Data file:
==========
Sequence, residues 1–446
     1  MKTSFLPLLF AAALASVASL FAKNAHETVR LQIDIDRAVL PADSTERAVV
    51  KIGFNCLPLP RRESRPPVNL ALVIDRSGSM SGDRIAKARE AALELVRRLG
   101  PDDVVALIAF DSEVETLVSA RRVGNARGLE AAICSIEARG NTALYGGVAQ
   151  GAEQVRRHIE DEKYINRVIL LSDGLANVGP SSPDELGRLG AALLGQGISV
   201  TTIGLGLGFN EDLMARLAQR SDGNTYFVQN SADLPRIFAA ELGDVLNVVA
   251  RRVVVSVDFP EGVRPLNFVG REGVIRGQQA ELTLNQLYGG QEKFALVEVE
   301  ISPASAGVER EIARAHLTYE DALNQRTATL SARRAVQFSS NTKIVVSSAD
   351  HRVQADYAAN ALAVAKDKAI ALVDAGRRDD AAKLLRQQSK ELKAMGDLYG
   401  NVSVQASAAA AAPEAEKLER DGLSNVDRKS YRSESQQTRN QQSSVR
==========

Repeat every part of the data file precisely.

Sequence, residues 1–446
     1  MKTSFLPLLF AAALASVASL FAKNAHETVR LQIDIDRAVL PADSTERAVV
    51  KIGFNCLPLP RRESRPPVNL ALVIDRSGSM SGDRIAKARE AALELVRRLG
   101  PDDVVALIAF DSEVETLVSA RRVGNARGLE AAICSIEARG NTALYGGVAQ
   151  GAEQVRRHIE DEKYINRVIL LSDGLANVGP SSPDELGRLG AALLGQGISV
   201  TTIGLGLGFN EDLMARLAQR SDGNTYFVQN SADLPRIFAA ELGDVLNVVA
   251  RRVVVSVDFP EGVRPLNFVG REGVIRGQQA ELTLNQLYGG QEKFALVEVE
   301  ISPASAGVER EIARAHLTYE DALNQRTATL SARRAVQFSS NTKIVVSSAD
   351  HRVQADYAAN ALAVAKDKAI ALVDAGRRDD AAKLLRQQSK ELKAMGDLYG
   401  NVSVQASAAA AAPEAEKLER DGLSNVDRKS YRSESQQTRN QQSSVR